Well, I'm home. Kind of tired, as not a single night went by without interruption, but otherwise intact...minus a toe. This may take a few posts, but I'll try to fill in the details of what went down.
So, Wednesday rolled around, and I toyed with the idea of a blog post, but couldn't really think of anything to say, other than, "I'm going to the hospital very soon. Ummm...Yeah, that's it. Be well!" Not exactly the writing exercise that most of posts are.
Becky and I arrived at the hospital and I encountered what had to be the easiest of all hospital admissions ever! I walked in, signed some paperwork, and was shortly escorted to a bed waiting for me upstairs. I answered a whole bunch of questions pertaining to what meds I take at home, and was then examined by EVERYONE! At least, it felt like that. First the nurses wanted to see what the problem was. Then the infectious disease doctor wanted to see it. Then the hospitalist wanted to see it. That last was the only one to confirm the fact that there we hyper-mobility at the end of my toe...and it hurt.
Ah, but pain would not be an issue during this hospital stay. I ran down the list of painkillers at home, and told the hospitalist, who'd be in charge of my "regular" meds, that I was hoping to take advantage of the fact that I'd have IV painkillers available to me. Instead of having to wait an hour for relief from pills, I could get it instantly. The doc agreed and wrote for 1 mg. of diloted every two hours, which is dilaudid in injection form. When I was conscious, I pretty much got a dose every two hours, as my pain was continuous.
The thing is that much of my pain had nothing to do with my toe. Yeah, that was bothering me a bit, but was nothing compared to the pain I experienced in my hips. (It got so bad on the last day that the diloted was increased to 2 mg. every two hours.) Of course, I was never able to truly settle on the effects of the IV painkiller. Did it really help with the pain, or did it make it so that I didn't CARE I was in pain?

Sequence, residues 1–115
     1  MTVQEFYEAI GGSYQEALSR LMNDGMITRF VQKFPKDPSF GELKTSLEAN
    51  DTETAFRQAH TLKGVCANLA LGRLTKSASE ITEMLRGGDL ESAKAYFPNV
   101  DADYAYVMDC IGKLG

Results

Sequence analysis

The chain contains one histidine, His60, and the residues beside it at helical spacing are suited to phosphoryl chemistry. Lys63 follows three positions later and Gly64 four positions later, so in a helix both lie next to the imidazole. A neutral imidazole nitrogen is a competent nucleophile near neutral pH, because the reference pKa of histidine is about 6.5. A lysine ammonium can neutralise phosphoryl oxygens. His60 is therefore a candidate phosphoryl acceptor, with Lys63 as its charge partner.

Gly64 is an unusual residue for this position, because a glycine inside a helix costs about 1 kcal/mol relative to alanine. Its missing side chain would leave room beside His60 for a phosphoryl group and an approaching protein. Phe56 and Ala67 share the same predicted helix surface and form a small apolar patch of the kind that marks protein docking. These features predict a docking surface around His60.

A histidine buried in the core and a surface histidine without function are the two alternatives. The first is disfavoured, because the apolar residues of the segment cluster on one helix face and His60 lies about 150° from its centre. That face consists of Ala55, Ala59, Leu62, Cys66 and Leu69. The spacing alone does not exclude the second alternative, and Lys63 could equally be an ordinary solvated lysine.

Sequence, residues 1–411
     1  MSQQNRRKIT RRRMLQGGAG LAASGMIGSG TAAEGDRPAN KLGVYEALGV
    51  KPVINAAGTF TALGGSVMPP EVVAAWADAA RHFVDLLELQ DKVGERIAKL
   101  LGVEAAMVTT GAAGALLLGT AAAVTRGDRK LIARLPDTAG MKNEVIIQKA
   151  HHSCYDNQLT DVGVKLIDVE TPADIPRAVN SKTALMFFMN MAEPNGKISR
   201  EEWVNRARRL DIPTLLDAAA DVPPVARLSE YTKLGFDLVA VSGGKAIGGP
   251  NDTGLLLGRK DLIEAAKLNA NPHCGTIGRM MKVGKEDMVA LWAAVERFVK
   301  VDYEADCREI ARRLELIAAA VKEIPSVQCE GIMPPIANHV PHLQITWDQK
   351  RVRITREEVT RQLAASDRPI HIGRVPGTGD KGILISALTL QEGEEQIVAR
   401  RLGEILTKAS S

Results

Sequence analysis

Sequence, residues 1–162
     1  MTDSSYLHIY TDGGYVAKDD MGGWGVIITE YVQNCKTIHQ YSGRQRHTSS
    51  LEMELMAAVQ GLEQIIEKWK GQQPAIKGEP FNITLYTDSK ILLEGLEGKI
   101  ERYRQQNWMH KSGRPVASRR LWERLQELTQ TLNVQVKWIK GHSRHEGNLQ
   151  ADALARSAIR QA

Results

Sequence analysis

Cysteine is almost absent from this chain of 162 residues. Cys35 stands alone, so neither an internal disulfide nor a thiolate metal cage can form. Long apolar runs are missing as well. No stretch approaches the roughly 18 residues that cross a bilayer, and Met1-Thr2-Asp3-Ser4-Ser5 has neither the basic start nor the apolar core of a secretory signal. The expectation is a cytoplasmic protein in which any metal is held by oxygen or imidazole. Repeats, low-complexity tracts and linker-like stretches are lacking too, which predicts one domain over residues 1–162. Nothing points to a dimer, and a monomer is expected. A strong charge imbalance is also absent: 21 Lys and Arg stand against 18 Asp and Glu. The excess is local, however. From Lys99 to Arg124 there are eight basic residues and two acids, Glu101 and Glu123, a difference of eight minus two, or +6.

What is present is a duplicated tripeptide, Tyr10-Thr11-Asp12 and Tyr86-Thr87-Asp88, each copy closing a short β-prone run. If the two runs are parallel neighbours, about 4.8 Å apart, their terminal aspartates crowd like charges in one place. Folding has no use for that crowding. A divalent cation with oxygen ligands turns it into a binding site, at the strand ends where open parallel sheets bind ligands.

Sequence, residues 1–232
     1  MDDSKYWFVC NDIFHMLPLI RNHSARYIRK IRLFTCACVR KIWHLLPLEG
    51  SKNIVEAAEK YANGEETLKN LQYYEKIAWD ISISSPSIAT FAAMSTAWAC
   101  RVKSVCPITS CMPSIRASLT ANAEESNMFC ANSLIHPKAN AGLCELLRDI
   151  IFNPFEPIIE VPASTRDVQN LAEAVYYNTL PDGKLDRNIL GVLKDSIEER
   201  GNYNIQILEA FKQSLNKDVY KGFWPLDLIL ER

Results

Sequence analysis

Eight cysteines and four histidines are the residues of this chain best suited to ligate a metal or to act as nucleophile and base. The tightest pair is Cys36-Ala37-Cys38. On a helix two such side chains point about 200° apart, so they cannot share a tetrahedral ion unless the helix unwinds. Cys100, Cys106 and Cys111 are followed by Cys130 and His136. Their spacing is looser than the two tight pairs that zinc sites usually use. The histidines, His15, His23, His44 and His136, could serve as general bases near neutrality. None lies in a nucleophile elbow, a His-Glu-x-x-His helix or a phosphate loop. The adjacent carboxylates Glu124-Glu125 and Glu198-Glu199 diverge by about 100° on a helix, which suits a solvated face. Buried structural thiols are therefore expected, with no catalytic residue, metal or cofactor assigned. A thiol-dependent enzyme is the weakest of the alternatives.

As a side note, the infectious disease doctor chose not to start any antibiotics that first day, and for a very good reason. He said that if he started such meds, they could mask an infection without actually killing it. The result would be me being treated for nothing while I needed treatment for something.
The one aspect that bothered me the most about all of the examinations was what almost everyone said. "It doesn't look so bad. I've seen worse." That may have been the case, but *I* haven't seen worse on me! This thing was looking pretty bad to me, even if it wasn't going gangrene just yet. In fact, that was my great fear. Y'know...my superstition that one a diabetic starts losing parts, it's about 10 years until it's all over. Well, I've decided that that only truly applies when there's no choice whatsoever. I still had a choice in this case, but it wasn't a very good option. I mean, I could've waited until it went gangrene or until it miraculously healed...an in the case of the latter, it would never heal on the interior...because there was nothing to heal on the interior. The end of the toe demonstrated a hypermobility that suggested the tendons were gone...but then I believe I covered that previously, so let's move on, shall we?
My first day in the hospital was akin to living in the Twilight Zone. They gave me my daily coverage of my 24-hour insulin, and then...ummm...I required no other insulin until late the next day. In fact, my blood sugar dropped to 56 around 4:15 AM. Since I wasn't permitted to eat due to my pending surgery, they had to inject me with straight dextrose. That was...fun. My nurse that night was still going through orientation at the hospital, and had never injected dextrose. It's thicker than most other injectables, and when it leaks...it's sticky. So the nurse struggled a bit, and it leaked, and...yeah. It was fun.